Episode Report Card
Sara M: D+ | 5 USERS: B
Who's the Fairest One of All?
In a hurry? Read the recaplet for a nutshell description!

The Fox city street back lot is alive with hooligans spouting some really fake dialogue, as one ruffian tells another he has to steal from a stranger or else suffer the indignity of getting a job. The younger ruffian isn't thrilled about stealing from people, but he certainly doesn't want to have to work for a living, so this is his only choice. A man exits a bar alone, and the older guy picks him as the younger guy's first victim. "You'll remember that guy for the rest of your life," he says, as if people with the ability to see into the future or the effects their actions have on themselves and their victims would be muggers. It's the people who don't care enough about others to even remember them who victimize people, not the ones who do. The muggers make their way towards the man, who is played by Frank Whaley. The younger guy greets him with an awkward "Hey, how are you doing?" followed by a more assertive "Give me all of your cash!" Meanwhile, they're both standing like ten feet away from their victim and have no visible weapons. Great job so far, muggers.

Frank asks if the guy wants to buy himself a "pretty dress," as he is a "little bitch." Well, that's probably the wrong way to respond to a mugger, but go, Frank! The older guy takes the lead and screams at Frank to give him his wallet, making this the loudest and longest mugging ever. Frank makes fun of the older guy's sister, so the older guy finally pulls out a knife (which he probably should have done at the beginning if he wanted fast results), at which point the younger guy stupidly calls him by his first name, Tony, which should make identification of the criminals that much easier at the police station. Especially since the muggers have made no attempts to conceal their faces and are standing in the light. But Frank doesn't notice, because he's too busy coughing. The younger guy worries about Frank's health, but Tony tells him to get Frank's wallet and go. He does, and they take off. But when Frank collapses, still coughing, the younger guy whips out a cell phone and calls 911. You know, between him and the prostitute, criminals are far nicer and more decent people than the regulars on this show. Also, way to mirror the opening scene of The OC there, show.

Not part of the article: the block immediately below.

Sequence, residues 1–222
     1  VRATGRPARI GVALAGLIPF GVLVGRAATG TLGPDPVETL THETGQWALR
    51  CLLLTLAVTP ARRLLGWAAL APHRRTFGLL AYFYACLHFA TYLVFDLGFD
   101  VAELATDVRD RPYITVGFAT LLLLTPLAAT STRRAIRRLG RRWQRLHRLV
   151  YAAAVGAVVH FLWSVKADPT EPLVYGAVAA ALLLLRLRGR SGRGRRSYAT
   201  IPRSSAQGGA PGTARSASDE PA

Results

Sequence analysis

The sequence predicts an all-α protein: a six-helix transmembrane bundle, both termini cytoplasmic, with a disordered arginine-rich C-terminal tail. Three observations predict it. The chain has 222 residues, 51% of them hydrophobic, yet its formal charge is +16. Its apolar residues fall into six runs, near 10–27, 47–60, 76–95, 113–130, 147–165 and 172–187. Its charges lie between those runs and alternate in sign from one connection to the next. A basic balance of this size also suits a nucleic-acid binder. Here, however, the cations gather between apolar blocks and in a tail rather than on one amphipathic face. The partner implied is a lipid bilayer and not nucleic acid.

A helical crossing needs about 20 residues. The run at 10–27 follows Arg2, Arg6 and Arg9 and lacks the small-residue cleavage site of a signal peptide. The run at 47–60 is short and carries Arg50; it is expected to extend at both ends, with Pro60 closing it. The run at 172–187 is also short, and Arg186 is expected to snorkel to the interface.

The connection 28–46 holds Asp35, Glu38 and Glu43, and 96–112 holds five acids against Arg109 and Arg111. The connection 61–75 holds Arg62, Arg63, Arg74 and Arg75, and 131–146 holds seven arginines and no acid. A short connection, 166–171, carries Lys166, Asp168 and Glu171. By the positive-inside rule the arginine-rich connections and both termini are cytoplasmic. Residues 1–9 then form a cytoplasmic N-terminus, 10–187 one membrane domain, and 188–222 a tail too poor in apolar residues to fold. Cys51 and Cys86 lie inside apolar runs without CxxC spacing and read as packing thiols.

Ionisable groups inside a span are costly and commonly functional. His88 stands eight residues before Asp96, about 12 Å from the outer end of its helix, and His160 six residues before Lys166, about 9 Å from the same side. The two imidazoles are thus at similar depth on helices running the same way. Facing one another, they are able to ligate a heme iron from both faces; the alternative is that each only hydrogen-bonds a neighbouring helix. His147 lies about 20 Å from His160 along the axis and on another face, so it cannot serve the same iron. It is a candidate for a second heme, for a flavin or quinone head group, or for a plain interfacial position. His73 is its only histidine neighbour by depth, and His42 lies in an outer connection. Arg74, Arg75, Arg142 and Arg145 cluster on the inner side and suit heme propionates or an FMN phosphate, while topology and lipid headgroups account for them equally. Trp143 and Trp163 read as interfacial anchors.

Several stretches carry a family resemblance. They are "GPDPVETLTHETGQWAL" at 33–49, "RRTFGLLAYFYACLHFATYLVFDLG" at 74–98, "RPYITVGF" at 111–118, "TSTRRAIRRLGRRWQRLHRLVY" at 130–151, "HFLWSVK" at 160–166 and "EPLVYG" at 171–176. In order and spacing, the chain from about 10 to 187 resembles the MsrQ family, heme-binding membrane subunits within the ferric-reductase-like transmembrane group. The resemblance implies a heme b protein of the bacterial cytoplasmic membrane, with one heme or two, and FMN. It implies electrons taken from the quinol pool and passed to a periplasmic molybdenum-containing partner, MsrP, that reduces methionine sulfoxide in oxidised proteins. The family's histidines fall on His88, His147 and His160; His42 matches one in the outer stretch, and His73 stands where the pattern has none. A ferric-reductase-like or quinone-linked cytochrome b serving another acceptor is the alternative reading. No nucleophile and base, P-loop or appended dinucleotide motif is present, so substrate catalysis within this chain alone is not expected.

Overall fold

We skip the usual minute of the Numbers sitting around the classroom waiting for House to decide to show up for work, and we jump right into the diagnosing. House says they've got a man with a respiratory collapse and no visible cause. The Numbers throw out some useless suggestions until Cuddy and Foreman enter the room. Foreman announces his entrance with a differential diagnosis of a laryngospasm, and Cuddy announces that she's hired him. An annoyed House fires Foreman "to infinity," and Foreman is actually surprised and displeased at Cuddy for not telling House that Foreman was coming back to work for him, as if she'd ever have the balls to do that. Cuddy says that she's House's boss, and now that House's little job interview has resulted in the death of a patient (13 takes a second to try to look remorseful; doesn't quite pull it off), she's going to exercise that authority. And since Cuddy has such a great track record of authority-exercising, I'm sure that will go down just fine. All the Numbers care about is that Foreman's presence on the team means there's one less slot for the rest of them to fill. Cuddy, suddenly faced with the consequences of her decisions, doesn't really answer their questions, instead saying that House can fire anyone except Foreman, who will be her "eyes and ears." For someone who wants someone else to work as her little spy, Cuddy sure did a crappy job of getting into Foreman's good graces last week. As Cuddy leaves, House asks her where Foreman will be keeping his balls. Foreman rolls his eyes, but Cuddy seems to enjoy that little quip.

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